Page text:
Second point is a suggestion actually. Go out and speak to your friends and coworkers who you consider successful. I don’t mean just those who are employed. I mean those who you could envision moving to the top of the food chain in your particular organization, or you could see moving into local politics. You may find (I did) that a surprising number of them attended some sort of extra education system as a young child (usually Montessori). It’s no coincidence that the vast majority of Canadian leaders attended UCC or similar. If I can afford it, I will give my children the opportunity to be educated with potential future leaders.

  • Canadian Dream September 21, 2009, 4:30 pm

    Interesting article FT.

    My two cents on kids activities. You have to manage both cost and your time involved in the activities. Espically if you have more than one kid!

    Case in point, my wife booked swimming lessons for both boys that started within 5 minutes of each other at the same location. Why? Because that way we don’t end up going out every night for a different kid. We also try to keep each kid to just on activity at a time.

    Just our way to ensure the kids get some time at things they love, but they don’t end up over booking the week.

    Tim

  • JC September 21, 2009, 4:46 pm

    I don’t have children (yet?), but I do have some thoughts and feelings about how I’d like to raise them should I ever be so fortunate.

    I think over-scheduling is problematic both for the children and for the parents. I think a child needs time for introspection when the homework’s done; time to think for themselves about what they want to do with their time. I think over-stimulation probably actually inhibits creativity to some extent by limiting the child’s reliance on their imagination for self-entertainment. As for the parents, I think some need to keep in mind that having a family doesn’t mean you cease being an individual. You can still learn to play guitar or piano, learn a new language, take a martial arts course, etc. It is obviously difficult to balance your own schedule needs with those of your partner and children, but in the end I think your children learn more from your example of ongoing self-directed education and growth than they might from being semi-arbitrarily signed up for as many activities as you can get them involved in.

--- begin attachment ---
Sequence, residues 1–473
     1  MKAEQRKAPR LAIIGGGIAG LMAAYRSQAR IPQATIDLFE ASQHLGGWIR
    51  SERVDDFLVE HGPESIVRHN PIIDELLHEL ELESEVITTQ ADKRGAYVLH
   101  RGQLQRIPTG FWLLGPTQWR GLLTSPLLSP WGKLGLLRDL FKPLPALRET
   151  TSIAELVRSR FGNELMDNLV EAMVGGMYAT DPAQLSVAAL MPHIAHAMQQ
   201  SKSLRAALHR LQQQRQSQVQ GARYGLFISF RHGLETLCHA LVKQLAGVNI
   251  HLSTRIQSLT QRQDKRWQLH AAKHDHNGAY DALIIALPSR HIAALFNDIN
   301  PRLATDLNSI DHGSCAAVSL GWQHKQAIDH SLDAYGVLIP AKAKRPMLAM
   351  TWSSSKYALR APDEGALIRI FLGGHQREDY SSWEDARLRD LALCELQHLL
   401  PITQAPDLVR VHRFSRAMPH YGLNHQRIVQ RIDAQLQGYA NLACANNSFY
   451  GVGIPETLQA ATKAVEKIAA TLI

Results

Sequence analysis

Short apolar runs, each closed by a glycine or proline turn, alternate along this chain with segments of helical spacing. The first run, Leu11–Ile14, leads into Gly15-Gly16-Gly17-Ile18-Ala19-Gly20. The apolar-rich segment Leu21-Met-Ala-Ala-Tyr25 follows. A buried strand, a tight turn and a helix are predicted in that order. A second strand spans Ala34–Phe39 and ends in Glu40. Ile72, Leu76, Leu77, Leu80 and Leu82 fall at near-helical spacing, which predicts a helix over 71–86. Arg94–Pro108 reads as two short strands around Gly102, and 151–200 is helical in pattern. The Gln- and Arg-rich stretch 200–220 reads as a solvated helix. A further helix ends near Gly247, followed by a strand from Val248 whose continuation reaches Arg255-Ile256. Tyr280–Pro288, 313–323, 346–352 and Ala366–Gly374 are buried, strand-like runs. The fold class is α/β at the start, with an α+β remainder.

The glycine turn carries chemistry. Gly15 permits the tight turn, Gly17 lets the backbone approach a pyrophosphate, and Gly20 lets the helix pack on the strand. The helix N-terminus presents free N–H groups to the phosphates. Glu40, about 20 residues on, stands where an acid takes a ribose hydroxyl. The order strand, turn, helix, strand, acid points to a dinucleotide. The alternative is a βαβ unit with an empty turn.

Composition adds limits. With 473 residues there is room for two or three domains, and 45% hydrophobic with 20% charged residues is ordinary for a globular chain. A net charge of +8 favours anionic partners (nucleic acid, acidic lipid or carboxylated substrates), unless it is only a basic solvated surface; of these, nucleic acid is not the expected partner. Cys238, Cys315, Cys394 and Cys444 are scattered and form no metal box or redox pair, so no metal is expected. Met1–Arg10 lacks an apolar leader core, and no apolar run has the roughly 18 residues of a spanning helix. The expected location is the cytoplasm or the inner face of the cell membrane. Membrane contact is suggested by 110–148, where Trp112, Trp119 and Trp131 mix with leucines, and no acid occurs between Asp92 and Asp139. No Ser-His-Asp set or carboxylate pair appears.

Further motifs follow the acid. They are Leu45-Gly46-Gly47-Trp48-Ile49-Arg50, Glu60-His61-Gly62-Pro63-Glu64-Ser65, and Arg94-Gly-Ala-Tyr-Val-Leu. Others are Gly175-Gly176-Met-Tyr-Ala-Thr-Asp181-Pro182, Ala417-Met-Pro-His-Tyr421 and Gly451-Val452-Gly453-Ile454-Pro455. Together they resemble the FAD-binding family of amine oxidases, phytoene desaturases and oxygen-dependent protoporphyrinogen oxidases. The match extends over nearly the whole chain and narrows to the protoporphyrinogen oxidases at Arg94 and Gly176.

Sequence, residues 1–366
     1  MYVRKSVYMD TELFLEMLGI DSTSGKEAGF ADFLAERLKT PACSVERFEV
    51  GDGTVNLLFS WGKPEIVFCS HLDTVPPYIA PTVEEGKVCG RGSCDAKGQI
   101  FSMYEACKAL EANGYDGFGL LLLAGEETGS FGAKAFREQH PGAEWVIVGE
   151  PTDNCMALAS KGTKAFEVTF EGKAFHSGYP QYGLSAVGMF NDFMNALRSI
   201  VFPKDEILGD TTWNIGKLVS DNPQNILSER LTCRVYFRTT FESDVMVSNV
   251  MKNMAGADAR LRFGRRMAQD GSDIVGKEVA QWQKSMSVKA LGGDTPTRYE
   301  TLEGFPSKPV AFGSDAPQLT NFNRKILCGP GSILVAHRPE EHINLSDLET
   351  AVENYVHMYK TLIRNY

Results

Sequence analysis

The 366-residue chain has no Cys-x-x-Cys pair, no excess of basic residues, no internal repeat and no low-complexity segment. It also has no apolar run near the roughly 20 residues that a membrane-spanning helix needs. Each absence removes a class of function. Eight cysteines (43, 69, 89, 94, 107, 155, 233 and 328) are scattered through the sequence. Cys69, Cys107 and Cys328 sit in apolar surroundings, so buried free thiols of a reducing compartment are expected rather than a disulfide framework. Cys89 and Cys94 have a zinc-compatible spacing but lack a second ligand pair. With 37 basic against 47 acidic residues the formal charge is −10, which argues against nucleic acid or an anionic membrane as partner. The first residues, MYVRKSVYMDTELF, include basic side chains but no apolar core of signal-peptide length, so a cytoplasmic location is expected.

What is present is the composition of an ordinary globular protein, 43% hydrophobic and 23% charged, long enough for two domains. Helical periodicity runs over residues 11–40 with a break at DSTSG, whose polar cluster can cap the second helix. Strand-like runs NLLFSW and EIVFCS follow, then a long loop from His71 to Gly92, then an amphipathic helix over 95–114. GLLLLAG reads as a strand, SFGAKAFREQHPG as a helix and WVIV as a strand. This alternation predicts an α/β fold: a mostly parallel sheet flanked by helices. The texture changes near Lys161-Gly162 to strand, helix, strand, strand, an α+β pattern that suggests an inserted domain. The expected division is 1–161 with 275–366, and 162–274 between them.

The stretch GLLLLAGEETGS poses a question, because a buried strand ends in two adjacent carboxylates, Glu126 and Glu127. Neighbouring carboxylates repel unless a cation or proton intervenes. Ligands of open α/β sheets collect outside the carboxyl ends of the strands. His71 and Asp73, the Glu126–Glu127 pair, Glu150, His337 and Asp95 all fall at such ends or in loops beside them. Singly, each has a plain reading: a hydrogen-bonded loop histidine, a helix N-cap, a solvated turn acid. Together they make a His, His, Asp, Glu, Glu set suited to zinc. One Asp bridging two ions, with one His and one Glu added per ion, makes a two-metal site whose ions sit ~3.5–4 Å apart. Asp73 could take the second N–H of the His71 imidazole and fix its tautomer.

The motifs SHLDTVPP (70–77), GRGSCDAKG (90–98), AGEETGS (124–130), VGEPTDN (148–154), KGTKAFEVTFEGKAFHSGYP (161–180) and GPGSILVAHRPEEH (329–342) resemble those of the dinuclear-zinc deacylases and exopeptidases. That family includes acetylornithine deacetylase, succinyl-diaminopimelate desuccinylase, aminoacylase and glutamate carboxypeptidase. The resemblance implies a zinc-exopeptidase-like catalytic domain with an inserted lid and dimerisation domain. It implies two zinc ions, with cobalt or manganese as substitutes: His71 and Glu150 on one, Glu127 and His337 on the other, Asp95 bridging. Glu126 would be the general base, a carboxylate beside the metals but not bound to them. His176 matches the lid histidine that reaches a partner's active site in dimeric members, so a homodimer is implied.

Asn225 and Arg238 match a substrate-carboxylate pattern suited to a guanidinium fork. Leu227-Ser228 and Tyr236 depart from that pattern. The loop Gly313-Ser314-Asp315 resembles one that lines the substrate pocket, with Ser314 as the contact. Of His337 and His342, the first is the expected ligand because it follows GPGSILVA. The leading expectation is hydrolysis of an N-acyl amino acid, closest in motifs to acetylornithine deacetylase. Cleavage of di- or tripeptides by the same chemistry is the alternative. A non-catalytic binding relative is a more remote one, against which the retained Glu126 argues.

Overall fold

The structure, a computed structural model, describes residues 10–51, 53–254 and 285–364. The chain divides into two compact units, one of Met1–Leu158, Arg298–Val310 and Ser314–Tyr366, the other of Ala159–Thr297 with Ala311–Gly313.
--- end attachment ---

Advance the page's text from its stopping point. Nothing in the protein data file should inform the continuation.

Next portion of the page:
As with money, where in other articles and comments it has been stated that children watch (and replicate) what you do more than what you say, I think seeing parents that keep themselves active and learning new things fuels an interest in children to do the same.

    Author Terry Goodkind once dedicated one of his books with the following words (paraphrased to some extent): “To my father, who never told me to read, but did so himself, thus infecting me with curiosity.” I think this applies on many levels to many activities.

  • The Truth September 21, 2009, 5:32 pm

    One more thing to add is that it is not the skills and cognitive advantages that paid-for extra curricular activities provide for your children–it is the ego boost when they compare favourably to their peers that is all important.

    Giving a child a sense of entitlement is one thing, but giving them demonstrative proof that they are superior to others is also extremely important. Keeping up with the Jones’ is an even more powerful and pure drive with media-fed kids as they learn which socio-economic circle they will occupy in the future. If they feel secure that they have been given the right markers, the right characteristics to excel, then they will pursue life with less abandon but within the safe confines of the middle-class strive-to-be-the-best melieu that pleases parents (and business capital) the most.

    It is unfortunate however, that this process doesn’t make better communal human beings but rather reinforces rigid class structure. The child will see their achievements as based on their own merit and positive attitude which is false of course. Those that didn’t get the extra coaching, tutoring and preening in general will be looked on unfavourably despite even miniscule economic differentiators. But this is technically-mitigated selection that works so well in modern times, and keeps people mercilessly competitive and productive even in the face of alarming contradiction and inequitable pie-sharing.